In depth of dirty mire.

"Weigh not His crib, His wooden dish,
Nor beasts that by Him feed;
Weigh not His mother's poor attire,
Nor Joseph's simple weed.
This stable is a Prince's court,
The crib His chair of state,
The beasts are parcel of His pomp,
The wooden dish His plate.
The persons in that poor attire
His royal liveries wear;
The Prince Himself is come from Heaven,
This pomp is prized there.
With joy approach, O Christian wight,
Do homage to thy King;
And highly praise His humble pomp,
Which He from Heaven doth bring."

    [1] Old English—simple.

The cheerful sounds spread themselves through the ship like the flavor of some rare perfume, bringing softness of heart through a thousand tender memories.

Anon, the hour of Sabbath morning worship drew on, and Elder Brewster read from the New Testament the whole story of the Nativity, and then gave a sort of Christmas homily from the words of St. Paul, in the eighth chapter of Romans, the sixth and seventh verses, which the Geneva version thus renders:

"For the wisdom of the flesh is death, but the wisdom of the spirit is life and peace.

"For the wisdom of the flesh is enmity against God, for it is not subject to the law of God, neither indeed can be."

"Ye know full well, dear brethren, what the wisdom of the flesh sayeth. The wisdom of the flesh sayeth to each one, 'Take care of thyself; look after thyself, to get and to have and to hold and to enjoy.' The wisdom of the flesh sayeth, 'So thou art warm, full, and in good liking, take thine ease, eat, drink, and be merry, and care not how many go empty and be lacking.' But ye have seen in the Gospel this morning that this was not the wisdom of our Lord Jesus Christ, who, though he was Lord of all, became poorer than any, that we, through His poverty, might become rich. When our Lord Jesus Christ came, the wisdom of the flesh despised Him; the wisdom of the flesh had no room for Him at the inn.

"There was room enough always for Herod and his concubines, for the wisdom of the flesh set great store by them; but a poor man and woman were thrust out to a stable; and there was a poor baby born whom the wisdom of the flesh knew not, because the wisdom of the flesh is enmity against God.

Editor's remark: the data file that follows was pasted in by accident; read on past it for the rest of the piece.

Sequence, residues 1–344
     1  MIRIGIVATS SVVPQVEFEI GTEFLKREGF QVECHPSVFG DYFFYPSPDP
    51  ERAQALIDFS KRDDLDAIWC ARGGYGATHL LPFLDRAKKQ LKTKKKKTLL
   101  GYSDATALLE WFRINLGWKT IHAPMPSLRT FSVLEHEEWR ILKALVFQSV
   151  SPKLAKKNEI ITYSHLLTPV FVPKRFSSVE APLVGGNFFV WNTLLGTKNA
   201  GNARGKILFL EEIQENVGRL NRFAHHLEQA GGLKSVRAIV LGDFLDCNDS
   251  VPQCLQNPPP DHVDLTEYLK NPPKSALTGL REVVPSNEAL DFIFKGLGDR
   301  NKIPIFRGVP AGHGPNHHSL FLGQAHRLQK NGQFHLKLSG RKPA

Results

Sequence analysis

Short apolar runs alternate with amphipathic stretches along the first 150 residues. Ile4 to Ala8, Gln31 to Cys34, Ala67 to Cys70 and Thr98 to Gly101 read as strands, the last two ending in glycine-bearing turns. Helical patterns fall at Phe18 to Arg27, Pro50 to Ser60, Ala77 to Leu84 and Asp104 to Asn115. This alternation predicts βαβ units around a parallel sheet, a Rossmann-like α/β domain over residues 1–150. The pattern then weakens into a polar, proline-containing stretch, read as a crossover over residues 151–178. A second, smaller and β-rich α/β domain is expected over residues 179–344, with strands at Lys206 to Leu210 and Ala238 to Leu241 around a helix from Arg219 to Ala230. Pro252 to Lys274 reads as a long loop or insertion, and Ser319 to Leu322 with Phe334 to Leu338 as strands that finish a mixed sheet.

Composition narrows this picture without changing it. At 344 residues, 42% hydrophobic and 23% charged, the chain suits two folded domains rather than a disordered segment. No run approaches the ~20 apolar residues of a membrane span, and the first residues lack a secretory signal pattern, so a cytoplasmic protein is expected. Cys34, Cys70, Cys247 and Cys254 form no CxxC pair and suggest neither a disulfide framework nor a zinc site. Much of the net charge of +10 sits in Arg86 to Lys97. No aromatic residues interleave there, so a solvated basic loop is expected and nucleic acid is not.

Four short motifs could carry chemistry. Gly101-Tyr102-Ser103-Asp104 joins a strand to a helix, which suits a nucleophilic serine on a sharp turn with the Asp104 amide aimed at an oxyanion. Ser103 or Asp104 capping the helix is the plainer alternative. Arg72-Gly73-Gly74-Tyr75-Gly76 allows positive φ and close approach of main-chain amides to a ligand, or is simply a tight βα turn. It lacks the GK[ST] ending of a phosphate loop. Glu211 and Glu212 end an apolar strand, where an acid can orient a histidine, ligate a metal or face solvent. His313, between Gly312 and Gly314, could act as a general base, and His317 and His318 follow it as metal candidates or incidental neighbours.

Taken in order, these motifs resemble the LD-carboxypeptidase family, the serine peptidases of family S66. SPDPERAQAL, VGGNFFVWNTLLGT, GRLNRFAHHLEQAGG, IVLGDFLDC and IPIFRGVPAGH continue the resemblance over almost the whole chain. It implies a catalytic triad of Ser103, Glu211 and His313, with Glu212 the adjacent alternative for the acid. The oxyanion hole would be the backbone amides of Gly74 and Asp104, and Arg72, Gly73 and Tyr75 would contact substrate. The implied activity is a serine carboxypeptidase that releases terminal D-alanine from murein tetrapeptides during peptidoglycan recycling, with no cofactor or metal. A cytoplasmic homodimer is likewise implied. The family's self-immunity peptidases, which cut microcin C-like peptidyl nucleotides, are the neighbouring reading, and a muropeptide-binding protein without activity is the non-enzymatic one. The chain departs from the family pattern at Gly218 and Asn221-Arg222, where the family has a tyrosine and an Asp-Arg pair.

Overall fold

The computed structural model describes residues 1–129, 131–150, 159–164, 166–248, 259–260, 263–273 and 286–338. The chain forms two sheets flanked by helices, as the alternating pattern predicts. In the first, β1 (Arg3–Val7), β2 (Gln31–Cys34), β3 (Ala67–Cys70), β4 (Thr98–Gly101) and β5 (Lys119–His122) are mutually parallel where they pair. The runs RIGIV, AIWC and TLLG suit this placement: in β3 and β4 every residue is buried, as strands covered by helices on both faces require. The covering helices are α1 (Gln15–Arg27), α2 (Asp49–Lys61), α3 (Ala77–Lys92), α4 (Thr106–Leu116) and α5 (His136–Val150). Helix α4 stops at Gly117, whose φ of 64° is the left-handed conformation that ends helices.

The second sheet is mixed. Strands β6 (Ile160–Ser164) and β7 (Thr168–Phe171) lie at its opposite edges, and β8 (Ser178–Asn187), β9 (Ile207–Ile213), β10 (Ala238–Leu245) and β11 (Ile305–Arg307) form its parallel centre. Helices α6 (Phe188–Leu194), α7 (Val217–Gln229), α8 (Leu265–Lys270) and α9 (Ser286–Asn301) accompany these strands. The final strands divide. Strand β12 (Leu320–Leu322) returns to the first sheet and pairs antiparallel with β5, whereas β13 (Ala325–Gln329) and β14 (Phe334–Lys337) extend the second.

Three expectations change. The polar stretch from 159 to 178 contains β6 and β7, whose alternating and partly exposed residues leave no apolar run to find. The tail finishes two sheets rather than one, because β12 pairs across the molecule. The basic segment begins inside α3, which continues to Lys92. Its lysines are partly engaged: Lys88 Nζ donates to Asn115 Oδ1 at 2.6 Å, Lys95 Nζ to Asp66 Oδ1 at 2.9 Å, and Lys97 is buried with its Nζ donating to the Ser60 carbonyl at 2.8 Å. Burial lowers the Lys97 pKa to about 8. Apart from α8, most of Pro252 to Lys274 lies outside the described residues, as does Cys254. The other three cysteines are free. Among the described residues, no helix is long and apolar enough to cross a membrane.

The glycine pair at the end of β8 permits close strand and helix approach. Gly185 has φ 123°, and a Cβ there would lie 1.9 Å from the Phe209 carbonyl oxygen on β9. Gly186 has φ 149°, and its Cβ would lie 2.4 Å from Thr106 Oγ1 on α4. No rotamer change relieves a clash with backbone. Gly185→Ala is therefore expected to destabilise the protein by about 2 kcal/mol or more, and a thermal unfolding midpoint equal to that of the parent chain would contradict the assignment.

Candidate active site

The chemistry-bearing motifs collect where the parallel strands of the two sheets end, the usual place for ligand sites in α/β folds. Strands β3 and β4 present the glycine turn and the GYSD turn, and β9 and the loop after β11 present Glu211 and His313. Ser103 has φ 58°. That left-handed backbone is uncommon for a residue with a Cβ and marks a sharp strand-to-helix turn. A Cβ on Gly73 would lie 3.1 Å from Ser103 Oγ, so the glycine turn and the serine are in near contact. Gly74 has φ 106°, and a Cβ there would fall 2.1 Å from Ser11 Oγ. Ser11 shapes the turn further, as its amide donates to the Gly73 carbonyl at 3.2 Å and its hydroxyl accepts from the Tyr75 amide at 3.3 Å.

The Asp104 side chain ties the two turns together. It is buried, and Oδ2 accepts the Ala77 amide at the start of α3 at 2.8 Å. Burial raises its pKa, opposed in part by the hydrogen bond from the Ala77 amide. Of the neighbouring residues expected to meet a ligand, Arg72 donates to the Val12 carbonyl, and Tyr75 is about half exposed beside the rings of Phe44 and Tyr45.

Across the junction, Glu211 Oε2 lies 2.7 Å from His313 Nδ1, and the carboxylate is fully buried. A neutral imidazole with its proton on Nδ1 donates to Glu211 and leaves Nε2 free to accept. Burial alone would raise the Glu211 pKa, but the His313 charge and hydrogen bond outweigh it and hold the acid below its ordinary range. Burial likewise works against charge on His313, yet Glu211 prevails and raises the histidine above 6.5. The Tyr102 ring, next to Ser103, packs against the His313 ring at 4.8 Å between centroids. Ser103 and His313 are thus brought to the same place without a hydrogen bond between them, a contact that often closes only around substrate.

"The wisdom of the flesh, brethren, ever despiseth the wisdom of God, because it knoweth it not. The wisdom of the flesh looketh at the thing that is great and strong and high; it looketh at riches, at kings' courts, at fine clothes and fine jewels and fine feastings, and it despiseth the little and the poor and the weak.

"But the wisdom of the Spirit goeth to worship the poor babe in the manger, and layeth gold and myrrh and frankincense at his feet while he lieth in weakness and poverty, as did the wise men who were taught of God.

"Now, forasmuch as our Saviour Christ left His riches and throne in glory and came in weakness and poverty to this world, that he might work out a mighty salvation that shall be to all people, how can we better keep Christmas than to follow in his steps? We be a little company who have forsaken houses and lands and possessions, and come here unto the wilderness that we may prepare a resting-place whereto others shall come to reap what we shall sow. And to-morrow we shall keep our first Christmas, not in flesh-pleasing, and in reveling and in fullness of bread, but in small beginning and great weakness, as our Lord Christ kept it when He was born in a stable and lay in a manger.

"To-morrow, God willing, we will all go forth to do good, honest Christian work, and begin the first house-building in this our New England—it may be roughly fashioned, but as good a house, I'll warrant me, as our Lord Christ had on the Christmas Day we wot of. And let us not faint in heart because the wisdom of the world despiseth what we do. Though Sanballat the Horonite, and Tobias the Ammonite, and Geshem the Arabian make scorn of us, and say, 'What do these weak Jews? If a fox go up, he shall break down their stone wall;' yet the Lord our God is with us, and He can cause our work to prosper.

"The wisdom of the Spirit seeth the grain of mustard-seed, that is the least of all seeds, how it shall become a great tree, and the fowls of heaven shall lodge in its branches. Let us, then, lift up the hands that hang down and the feeble knees, and let us hope that, like as great salvation to all people came out of small beginnings of Bethlehem, so the work which we shall begin to-morrow shall be for the good of many nations.